Facing continuing intense political pressure over airport noise, the Town of East Hampton has published new voluntary noise abatement routes for helicopters using the town airport even though the Eastern Region Helicopter Council has not yet agreed to follow them.
The new Echo Route, what the town now calls its primary route for arrivals and departures, includes a significant change, one that some local officials and airport critics have been seeking for years. It will send helicopters around Orient Point instead of crossing the North Fork on their way to or from Long Island Sound, something the council’s membership has long resisted as time-consuming and costly.
Another route change would direct all outbound traffic following the south shore to fly over Georgica Pond instead of Bridgehampton and Sagaponack to approach or depart the airport. Inbounds would be encouraged to arrive via November route along the spine of the South Fork, transitioning from the south shore to Robins Island via Shinnecock Inlet.[In a later development, it was announced at the Wainscot Citizens Advisory Committee meeting on March 7 that the helicopter council membership had agreed to follow the newly revised routes.]
Ever since the town’s Echo, Sierra and November helicopter noise abatement routes were first introduced at least a decade ago, the council has worked with the town to develop and revise them annually. They are voluntary because there is no legal mechanism for local authorities to mandate air traffic routes.
They evolved from the first voluntary route — dating back at least two decades — that called for all helicopter traffic to follow the South Fork’s power lines to and from the airport because there was limited residential development nearby. The two other routes evolved to disperse the exploding level of traffic as a safety measure and to spread out the noise as new construction and the soaring number of flights prompted more noise complaints.
Since the advent of a non-FAA seasonal airport control tower in 2012, the council has formally signed onto the routes in letters of agreement with the chief controller. Despite compliance with the routes, noise complaints have soared in all years but one.
So far, the council is not on board for 2020. Jeff Smith, vice president of the Eastern Region Helicopter Council, declined to comment on what one source called the town’s “possibly premature” publication of the new routes. Airport manager James Brundige also declined to comment. [On March 7, he attended the Wainscott CAC meeting and announced that the membership was on board with the revised routes.]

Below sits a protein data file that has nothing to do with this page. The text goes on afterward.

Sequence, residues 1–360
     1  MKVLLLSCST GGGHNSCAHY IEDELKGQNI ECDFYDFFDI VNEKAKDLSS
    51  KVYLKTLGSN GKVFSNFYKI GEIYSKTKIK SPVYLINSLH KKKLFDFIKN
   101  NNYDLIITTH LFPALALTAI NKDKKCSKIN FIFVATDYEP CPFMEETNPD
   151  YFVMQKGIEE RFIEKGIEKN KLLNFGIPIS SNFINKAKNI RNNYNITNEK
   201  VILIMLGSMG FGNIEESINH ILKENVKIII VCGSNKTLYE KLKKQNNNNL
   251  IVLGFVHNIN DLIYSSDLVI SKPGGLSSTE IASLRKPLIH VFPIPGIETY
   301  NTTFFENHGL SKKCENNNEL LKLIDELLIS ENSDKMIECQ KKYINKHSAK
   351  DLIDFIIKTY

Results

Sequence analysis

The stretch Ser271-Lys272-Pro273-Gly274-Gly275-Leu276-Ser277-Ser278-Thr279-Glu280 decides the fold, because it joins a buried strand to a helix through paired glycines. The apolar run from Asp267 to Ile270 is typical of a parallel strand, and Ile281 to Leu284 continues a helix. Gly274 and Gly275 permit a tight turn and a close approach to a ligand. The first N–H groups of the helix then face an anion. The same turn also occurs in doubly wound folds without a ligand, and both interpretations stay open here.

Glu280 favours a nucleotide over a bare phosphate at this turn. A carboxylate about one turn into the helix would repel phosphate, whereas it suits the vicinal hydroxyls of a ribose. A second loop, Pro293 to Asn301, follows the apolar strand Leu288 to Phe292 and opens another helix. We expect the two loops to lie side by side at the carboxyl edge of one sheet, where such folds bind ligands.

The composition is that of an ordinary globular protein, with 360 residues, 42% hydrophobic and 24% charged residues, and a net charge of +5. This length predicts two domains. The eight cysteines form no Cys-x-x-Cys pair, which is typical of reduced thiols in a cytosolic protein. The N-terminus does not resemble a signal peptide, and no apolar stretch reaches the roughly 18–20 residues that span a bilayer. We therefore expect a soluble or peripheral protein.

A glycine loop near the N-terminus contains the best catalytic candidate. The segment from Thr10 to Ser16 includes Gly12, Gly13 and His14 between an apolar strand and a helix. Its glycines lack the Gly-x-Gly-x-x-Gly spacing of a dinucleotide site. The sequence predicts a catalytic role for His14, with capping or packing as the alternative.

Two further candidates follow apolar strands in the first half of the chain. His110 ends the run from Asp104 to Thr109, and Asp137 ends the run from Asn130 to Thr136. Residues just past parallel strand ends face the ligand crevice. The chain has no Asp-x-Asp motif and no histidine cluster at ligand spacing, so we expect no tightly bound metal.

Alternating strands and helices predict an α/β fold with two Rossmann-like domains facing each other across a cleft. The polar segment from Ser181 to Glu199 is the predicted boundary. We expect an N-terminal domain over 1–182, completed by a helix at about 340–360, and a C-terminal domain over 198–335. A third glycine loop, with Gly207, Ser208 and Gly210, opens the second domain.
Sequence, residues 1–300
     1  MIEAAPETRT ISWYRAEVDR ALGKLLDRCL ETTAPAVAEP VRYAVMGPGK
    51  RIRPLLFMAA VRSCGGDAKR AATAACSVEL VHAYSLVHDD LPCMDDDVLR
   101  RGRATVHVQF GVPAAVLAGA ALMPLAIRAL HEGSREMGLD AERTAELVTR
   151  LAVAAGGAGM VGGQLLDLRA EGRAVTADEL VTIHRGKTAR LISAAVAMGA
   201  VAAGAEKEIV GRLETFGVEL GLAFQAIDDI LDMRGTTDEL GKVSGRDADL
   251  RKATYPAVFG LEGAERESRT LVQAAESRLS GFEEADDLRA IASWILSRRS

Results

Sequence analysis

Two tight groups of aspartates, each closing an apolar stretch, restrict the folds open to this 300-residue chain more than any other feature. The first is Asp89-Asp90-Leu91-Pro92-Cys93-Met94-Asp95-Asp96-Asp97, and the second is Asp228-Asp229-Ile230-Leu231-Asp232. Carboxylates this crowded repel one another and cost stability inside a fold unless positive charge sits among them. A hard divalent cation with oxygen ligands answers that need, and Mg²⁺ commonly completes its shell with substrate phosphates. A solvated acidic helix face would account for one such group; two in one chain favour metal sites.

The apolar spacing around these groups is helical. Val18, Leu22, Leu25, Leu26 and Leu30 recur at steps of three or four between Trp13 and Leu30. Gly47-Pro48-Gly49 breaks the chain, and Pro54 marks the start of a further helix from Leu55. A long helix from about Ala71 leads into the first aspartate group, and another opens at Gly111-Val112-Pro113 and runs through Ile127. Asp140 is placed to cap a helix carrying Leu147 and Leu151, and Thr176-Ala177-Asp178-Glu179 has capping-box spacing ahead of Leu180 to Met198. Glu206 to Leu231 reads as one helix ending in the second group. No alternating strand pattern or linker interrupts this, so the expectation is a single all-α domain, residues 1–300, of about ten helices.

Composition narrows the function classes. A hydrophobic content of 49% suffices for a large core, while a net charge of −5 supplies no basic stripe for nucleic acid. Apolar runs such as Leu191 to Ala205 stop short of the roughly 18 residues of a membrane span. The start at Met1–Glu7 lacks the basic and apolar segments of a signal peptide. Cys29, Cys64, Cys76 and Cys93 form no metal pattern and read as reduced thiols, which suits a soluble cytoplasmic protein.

If they are followed, the new routes would keep most of the notoriously loud helicopter over water except for their final legs, potentially reducing noise at complaint hotspots on the North Fork; along the South Fork’s spine through North Sea and Noyac; and in Bridgehampton, Sagaponack and East Hampton Village.
With the Echo route now an arrival as well as departure route, its use should reduce but would not eliminate arrivals on the November route along the power lines through North Sea and Noyac; nor would it affect seaplanes, whose operators have never agreed to fly noise abatement routes.
Also, the new Sierra route establishes a path via Shinnecock Inlet for arrivals from the south shore to join the November route inbound at 5,500 feet. The revised November procedure calls for helicopters to stay at 5,500 feet as long as possible before descending to the airport, 2,000 feet higher than the previous requested altitude.
Southold Councilman Bob Ghosio said the Echo route’s new path around Orient Point, both inbound and outbound, is “basically the route we’ve been fighting for, for a long time,” the Suffolk Times reported. But airport critics otherwise have responded coolly to the route revisions.